Rabelais was born after Erasmus but before Cervantes and Shakespeare, both of whom died in 1616. Bakhtin quotes the French historian Jules Michelet who wrote that “Rabelais collected wisdom from the popular elemental forces of the ancient Provencal idioms, sayings, proverbs, school farces, from the mouth of fools and clowns. But refracted by this foolery, the genius of the age and its prophetic power are revealed in all their majesty. ” In his Gargantua and Pantagruel Rabelais suggests that humor and wisdom are mixed together in sort of a wise folly that reflects the spirit of carnival.

    About this folly Bakhtin wrote: “Folly is, of course, deeply ambivalent. It has the negative element of debasement and destruction (the only vestige now is the use of “fool” as a pejorative) and the positive element of renewal and truth. Folly is the opposite of wisdom—inverted wisdom, inverted truth. It is the other side, the lower stratum of official laws and conventions, derived from them. Folly is a form of gay festive wisdom, free from all laws and restrictions, as well as from preoccupations and seriousness.”

    Novelist Milan Kundera once said “Rabelais is dearest to me of all writers” and gave him credit for being one of the great pioneers of humor. Kundera associates it with the birth of the novel during the days of Rabelais and Cervantes, and considers the Italian Boccaccio as “the great precursor. ” Quoting the Mexican writer Octavio Paz, Kundera avows that humor is “the great invention of the modern spirit,” and “that it renders ambiguous everything that it touches. ” He also believes that “religion and humor are incompatible.”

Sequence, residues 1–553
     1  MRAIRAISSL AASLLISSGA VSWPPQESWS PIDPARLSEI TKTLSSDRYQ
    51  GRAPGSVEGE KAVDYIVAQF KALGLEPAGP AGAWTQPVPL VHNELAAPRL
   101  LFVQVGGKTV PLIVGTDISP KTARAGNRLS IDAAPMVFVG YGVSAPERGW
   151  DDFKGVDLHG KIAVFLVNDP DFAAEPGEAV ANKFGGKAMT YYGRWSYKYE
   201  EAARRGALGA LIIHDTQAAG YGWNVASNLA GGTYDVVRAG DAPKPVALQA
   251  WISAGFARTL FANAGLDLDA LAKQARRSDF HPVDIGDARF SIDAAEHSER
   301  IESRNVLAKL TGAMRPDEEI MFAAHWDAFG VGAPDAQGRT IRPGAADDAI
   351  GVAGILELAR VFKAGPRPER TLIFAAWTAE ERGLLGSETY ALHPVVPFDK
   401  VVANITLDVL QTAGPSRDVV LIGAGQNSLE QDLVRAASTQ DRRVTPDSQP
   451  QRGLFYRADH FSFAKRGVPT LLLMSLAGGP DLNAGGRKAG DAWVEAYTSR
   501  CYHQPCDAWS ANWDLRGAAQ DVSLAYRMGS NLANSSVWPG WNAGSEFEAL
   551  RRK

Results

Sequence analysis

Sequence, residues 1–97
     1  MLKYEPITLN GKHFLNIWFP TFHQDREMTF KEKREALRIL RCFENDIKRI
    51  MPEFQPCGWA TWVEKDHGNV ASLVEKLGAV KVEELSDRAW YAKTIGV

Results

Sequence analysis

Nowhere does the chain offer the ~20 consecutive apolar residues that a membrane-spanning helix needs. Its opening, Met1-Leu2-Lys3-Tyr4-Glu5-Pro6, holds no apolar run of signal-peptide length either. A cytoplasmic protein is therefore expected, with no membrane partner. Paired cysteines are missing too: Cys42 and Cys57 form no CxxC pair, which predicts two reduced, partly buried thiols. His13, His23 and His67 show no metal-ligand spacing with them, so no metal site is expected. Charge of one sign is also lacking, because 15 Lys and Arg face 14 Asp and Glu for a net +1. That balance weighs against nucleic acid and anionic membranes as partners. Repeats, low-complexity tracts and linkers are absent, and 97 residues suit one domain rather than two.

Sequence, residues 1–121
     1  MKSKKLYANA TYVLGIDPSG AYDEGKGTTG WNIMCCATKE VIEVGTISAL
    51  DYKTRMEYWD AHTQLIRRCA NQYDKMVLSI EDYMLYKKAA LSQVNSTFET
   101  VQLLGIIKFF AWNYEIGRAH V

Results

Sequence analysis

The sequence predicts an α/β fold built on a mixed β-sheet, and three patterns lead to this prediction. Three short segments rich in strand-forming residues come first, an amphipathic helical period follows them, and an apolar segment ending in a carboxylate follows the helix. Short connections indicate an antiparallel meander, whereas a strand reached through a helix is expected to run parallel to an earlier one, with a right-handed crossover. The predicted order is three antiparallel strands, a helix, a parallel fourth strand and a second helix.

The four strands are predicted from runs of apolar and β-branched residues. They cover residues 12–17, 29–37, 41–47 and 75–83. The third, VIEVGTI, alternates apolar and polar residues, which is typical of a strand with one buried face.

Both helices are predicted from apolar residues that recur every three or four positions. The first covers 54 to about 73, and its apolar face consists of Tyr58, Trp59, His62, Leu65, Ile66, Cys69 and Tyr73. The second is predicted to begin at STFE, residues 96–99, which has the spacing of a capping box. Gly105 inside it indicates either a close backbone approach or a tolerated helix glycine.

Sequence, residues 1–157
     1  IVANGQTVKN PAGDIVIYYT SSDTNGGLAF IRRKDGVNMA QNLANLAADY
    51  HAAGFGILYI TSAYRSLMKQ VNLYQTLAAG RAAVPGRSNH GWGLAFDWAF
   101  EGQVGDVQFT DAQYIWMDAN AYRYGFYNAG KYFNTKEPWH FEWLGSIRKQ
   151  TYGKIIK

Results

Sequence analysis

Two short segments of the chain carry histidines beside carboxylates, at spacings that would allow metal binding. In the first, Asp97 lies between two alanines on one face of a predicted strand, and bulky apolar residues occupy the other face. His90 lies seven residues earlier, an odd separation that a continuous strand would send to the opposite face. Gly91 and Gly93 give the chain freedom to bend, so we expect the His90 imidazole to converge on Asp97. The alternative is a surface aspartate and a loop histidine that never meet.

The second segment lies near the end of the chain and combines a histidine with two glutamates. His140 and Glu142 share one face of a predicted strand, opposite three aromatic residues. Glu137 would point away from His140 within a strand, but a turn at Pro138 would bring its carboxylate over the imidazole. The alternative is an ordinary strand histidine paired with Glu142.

And he writes: “Humor: the divine flash that reveals the world in its moral ambiguity and man in his profound incompetence to judge others; humor: the intoxicating relativity of human things; the strange pleasure that comes of the certainty that there is no certainty. ”17 Besides the question of whether religion and humor are compatible, which we shall examine later, Kundera seems to be overlooking all the humor that predates the Renaissance including that of Aristophanes, whose comedies in ancient Greece were a great source of humor and some wisdom.

    Like Bakhtin and Harold Bloom in his book Where Shall Wisdom Be Found? , Kundera also believes that there was much wisdom in the humor of Cervantes and that he taught future novelists an important lesson. When Don Quixote went out in the world, that world turned into a mystery before his eyes. The novelist teaches the reader to comprehend the world as a question. There is wisdom and tolerance in that attitude. In a world built on sacrosanct certainties the novel is dead.